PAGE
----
19. A method according to any of Claims 16 to 18 wherein the distribution of the plurality of portions is determined based on the plurality of portions being formed as a single piece.

20. A method according to any of Claims 16 to 19 wherein the determining is performed such that the density is non-symmetric about the intended axis of rotation.

21 . A method according to any of Claims 16 to 20 wherein the intended tool shape that is received has unequal volumes either side of a plane that cuts through the intended axis of rotation , and preferably the volumes either side of the plane are unequal by at least 10%, and more preferably by at least 20%.

22. A method according to any of Claims 16 to 21 wherein the distribution of the plurality of portions is determined such that the average densities of the tool either side of a plane that cuts through the intended axis of rotation are not equal, and preferably the average densities of the tool either side of the plane are unequal by at least 10%, and more preferably by at least 20%.

23. A method according to any of Claims 16 to 22 wherein the forming is by 3D printing.

24. A method according to any of Claims 16 to 23 further comprising determining, based on the intended tool shape, an intended tool orientation, an intended point of attachment of the tool, and/or the intended axis of rotation.

25. A method according to any of Claims 16 to 24 further comprising determining a number of portions to be distributed.

26. A method according to any of Claims 16 to 25 further comprising optimising the distribution of the plurality of portions for proximity of the centre of mass to an intended point of attachment of the tool.

27. A method according to any of Claims 16 to 26 further comprising optimising the distribution of the plurality of portions for optimising the moment of inertia of the tool about the intended axis of rotation.

28. A method according to any of Claims 16 to 27 further comprising optimising the distribution of the plurality of portions for optimising the weight of the tool.

29. A method according to any of Claims 16 to 28 further comprising applying a scaling factor to the intended tool shape.

30. A method according to any of Claims 16 to 29 wherein the distribution of the plurality of portions is such that at the surface of the intended tool shape at least a predetermined minimal wall thickness is provided.

31 . A method according to any of Claims 16 to 30 further comprising determining whether, if the tool were formed of a homogeneous solid material in the intended shape, it would be imbalanced around the intended axis of rotation.

32. A method according to any of Claims 16 to 31 wherein the plurality of portions comprises a structural portion defining an envelope of the intended tool shape and a balancing portion embedded in the structural portion.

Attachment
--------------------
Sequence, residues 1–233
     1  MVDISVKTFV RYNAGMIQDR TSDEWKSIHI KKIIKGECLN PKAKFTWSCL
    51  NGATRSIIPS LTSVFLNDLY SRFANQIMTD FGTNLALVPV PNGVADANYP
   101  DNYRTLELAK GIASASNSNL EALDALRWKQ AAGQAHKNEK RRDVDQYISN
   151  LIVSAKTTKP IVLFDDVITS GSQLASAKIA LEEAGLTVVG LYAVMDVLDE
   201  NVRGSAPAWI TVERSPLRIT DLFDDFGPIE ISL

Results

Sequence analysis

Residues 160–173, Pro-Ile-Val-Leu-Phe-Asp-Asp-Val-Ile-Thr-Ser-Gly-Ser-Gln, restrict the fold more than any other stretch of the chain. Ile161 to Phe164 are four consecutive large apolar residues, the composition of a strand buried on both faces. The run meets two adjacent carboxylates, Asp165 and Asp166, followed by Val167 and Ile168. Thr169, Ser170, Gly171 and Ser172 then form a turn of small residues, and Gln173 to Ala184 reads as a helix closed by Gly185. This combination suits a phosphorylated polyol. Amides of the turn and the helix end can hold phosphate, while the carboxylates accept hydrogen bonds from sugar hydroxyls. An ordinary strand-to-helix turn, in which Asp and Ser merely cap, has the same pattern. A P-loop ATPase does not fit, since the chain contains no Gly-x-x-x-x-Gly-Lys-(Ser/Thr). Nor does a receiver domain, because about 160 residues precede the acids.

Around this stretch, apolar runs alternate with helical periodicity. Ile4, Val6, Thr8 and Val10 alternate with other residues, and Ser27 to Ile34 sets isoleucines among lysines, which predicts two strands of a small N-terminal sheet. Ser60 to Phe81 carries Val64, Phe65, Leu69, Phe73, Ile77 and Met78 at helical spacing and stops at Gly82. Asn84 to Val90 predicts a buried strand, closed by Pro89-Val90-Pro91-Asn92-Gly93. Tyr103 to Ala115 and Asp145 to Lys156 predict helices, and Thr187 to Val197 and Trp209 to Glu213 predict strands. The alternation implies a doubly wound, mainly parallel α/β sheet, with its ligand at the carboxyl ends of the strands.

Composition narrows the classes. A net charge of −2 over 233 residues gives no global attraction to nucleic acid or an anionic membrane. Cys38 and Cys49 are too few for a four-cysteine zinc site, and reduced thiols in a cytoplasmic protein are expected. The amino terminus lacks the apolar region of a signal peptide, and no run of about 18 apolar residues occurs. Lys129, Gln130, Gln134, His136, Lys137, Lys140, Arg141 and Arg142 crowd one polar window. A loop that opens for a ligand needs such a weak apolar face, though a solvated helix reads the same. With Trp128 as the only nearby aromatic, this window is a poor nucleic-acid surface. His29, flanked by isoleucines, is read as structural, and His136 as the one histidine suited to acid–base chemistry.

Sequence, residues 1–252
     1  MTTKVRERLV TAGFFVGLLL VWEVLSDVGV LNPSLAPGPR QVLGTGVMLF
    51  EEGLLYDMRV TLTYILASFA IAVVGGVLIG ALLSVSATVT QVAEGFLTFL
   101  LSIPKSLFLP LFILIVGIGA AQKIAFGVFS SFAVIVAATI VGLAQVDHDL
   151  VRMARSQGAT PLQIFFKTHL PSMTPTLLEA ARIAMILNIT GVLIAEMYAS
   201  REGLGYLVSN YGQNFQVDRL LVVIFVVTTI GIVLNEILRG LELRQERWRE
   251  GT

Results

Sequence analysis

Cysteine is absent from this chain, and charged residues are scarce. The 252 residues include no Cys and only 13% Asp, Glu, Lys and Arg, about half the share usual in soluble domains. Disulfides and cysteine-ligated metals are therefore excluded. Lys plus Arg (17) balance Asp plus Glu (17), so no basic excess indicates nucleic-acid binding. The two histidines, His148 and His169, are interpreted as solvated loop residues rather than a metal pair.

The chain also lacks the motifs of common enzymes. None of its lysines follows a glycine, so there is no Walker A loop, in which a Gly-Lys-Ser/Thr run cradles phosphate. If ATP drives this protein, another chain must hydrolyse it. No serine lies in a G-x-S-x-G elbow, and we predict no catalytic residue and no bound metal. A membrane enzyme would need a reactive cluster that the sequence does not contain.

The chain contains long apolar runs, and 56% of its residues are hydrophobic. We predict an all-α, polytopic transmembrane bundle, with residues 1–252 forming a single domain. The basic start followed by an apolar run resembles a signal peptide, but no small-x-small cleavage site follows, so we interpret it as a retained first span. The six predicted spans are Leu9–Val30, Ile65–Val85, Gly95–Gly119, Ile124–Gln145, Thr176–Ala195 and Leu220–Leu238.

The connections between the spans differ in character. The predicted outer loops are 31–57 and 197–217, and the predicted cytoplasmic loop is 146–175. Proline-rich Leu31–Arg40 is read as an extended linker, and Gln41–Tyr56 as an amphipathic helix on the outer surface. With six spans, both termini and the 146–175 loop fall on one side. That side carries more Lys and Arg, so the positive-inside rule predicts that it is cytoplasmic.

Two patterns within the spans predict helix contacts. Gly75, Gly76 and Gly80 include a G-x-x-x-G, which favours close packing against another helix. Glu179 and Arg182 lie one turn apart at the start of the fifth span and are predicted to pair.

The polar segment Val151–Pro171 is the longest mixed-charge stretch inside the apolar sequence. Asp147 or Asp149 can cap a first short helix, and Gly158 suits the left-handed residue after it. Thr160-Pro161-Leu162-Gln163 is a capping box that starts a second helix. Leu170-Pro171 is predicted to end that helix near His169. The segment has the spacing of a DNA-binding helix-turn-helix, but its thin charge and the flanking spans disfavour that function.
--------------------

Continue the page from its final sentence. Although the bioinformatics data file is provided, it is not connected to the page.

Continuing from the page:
33. A method according to Claim 32 wherein the balancing portion has a higher density than the structural portion.

34. A method according to Claim 32 wherein the balancing portion has a lower density than the structural portion.

35. A method according to Claim 34 wherein the structural portion comprises a structure defining a cavity, and the balancing portion comprises a gas in the cavity.

36. A method according to Claim 35 wherein the cavity is concealed within the structural portion.

37. A method according to any of Claims 32 to 36 wherein the structural portion is a polymer.

38. A method according to any of Claims 16 to 37 wherein the plurality of portions comprises a blade portion for cutting food embedded in the tool.

39. A method according to Claim 38 wherein the blade portion comprises a metal.

40. A method according to any of Claims 16 to 39 wherein the intended tool shape is a decorative shape.

41 . A tool formed according to the method of any of Claims 16 to 40.

42. A computing device for forming a tool for a food processor adapted to perform steps comprising:

receiving an intended tool shape;

receiving an intended axis of rotation;

determining a distribution of a plurality of portions, the plurality of portions together forming the intended tool shape, with each portion having a different density, such that the centre of mass of the tool lies on or adjacent the intended axis of rotation; and

providing an output defining the determined distribution of portions.

43. A computing device according to Claim 42 further adapted to perform a step of receiving a selection of one or more material(s) and/or material density(ies).

44. A computing device according to Claim 42 or 43 further adapted to perform a step of controlling formation of a tool according to the determined distribution of portions.